The little known conflict in the Ogaden is a cause of intense tension between Ethiopia and Somalia and a destabilizing issue in an unstable region. It is a fight that has been distorted by the former government of Somalia, which sought to misrepresent the issue and transform it into a boundary dispute – a misconception that suits the Ethiopian regime, keen to avoid the substantive point of regional autonomy.
All efforts to facilitate a lasting peaceful resolution to what is an age-old struggle should be urgently made. Ethiopia’s donors and facilitators, principally America, along with the European Union and Britain, must act with due responsibility. Action should be taken to close down internally-displaced persons’ camps and allow their occupants to return to their communities; provide aid for rebuilding villages (not to train the Liyu) destroyed by the military; and organize regional elections and a referendum on self-determination.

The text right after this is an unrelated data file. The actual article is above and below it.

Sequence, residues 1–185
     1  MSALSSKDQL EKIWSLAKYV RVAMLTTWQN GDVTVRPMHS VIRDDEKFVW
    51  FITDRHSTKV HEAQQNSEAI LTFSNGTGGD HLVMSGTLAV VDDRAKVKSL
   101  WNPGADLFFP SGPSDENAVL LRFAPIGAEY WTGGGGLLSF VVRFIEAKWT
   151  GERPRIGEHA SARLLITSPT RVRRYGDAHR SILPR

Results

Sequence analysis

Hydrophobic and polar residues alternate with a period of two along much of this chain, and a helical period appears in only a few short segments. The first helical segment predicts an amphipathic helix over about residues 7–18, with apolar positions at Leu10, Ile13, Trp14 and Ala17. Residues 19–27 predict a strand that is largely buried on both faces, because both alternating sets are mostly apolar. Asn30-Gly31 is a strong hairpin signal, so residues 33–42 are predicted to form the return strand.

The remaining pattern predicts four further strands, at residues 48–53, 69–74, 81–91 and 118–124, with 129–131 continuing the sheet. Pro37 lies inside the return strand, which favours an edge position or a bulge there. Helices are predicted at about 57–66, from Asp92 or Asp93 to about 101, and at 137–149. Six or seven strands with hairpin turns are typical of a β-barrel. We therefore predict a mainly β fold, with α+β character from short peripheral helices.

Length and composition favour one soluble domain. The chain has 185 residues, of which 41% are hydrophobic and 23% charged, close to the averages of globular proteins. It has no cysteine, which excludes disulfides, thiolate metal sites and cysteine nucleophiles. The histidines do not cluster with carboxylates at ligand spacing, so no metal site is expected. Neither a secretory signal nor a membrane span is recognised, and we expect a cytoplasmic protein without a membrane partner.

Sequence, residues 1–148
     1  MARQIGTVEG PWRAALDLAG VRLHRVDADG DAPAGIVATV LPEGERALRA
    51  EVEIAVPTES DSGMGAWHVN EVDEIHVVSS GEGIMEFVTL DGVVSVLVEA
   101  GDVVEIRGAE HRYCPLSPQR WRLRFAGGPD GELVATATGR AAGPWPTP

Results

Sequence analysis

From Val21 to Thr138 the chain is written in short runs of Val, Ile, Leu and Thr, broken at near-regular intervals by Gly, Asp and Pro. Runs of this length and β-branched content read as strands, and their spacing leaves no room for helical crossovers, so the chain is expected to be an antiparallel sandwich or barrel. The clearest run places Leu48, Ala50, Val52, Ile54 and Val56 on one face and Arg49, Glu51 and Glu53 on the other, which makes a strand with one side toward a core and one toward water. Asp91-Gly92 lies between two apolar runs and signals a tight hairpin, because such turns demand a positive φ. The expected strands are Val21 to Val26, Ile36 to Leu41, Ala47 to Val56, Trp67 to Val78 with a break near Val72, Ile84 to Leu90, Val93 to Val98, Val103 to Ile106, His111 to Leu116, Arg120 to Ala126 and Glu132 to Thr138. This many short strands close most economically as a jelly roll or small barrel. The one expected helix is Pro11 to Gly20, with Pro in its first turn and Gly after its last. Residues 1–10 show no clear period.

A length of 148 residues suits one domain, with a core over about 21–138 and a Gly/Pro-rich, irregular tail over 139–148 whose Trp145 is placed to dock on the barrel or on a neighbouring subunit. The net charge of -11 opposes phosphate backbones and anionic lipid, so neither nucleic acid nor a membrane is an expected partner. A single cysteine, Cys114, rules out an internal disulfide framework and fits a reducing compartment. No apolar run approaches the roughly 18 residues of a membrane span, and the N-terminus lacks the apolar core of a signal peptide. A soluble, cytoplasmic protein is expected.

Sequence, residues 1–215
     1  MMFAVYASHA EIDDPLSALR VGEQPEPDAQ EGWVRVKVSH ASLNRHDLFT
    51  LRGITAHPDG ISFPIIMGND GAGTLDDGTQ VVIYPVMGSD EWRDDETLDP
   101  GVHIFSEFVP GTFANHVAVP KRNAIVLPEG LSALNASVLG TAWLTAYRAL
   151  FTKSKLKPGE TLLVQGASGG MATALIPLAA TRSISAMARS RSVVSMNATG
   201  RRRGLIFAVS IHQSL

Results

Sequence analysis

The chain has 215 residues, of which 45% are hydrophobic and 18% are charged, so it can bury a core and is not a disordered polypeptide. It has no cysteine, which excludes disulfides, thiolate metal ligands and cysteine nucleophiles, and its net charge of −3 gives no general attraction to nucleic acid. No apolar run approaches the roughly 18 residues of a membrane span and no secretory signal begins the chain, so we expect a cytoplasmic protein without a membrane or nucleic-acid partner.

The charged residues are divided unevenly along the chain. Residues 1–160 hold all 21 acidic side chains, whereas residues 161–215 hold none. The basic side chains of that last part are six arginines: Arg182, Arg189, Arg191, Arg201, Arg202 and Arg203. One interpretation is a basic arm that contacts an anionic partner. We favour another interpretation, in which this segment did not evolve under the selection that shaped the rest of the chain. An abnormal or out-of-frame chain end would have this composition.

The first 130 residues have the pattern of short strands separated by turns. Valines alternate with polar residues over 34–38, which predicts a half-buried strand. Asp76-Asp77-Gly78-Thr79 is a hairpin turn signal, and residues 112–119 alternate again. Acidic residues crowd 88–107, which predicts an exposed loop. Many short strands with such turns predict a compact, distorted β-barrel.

The appalling atrocities committed daily by the Ethiopian paramilitary constitute war crimes and crimes against humanity that should immediately be referred to the International Criminal Court for prosecution. They are, though, just the deepest wounds within a scarred body of human rights abuses, violating federal and international law, being perpetrated by the EPRDF regime throughout the country and with utter impunity. This must end and the Ogaden Somali people must be allowed to determine their own destiny and to live in peace.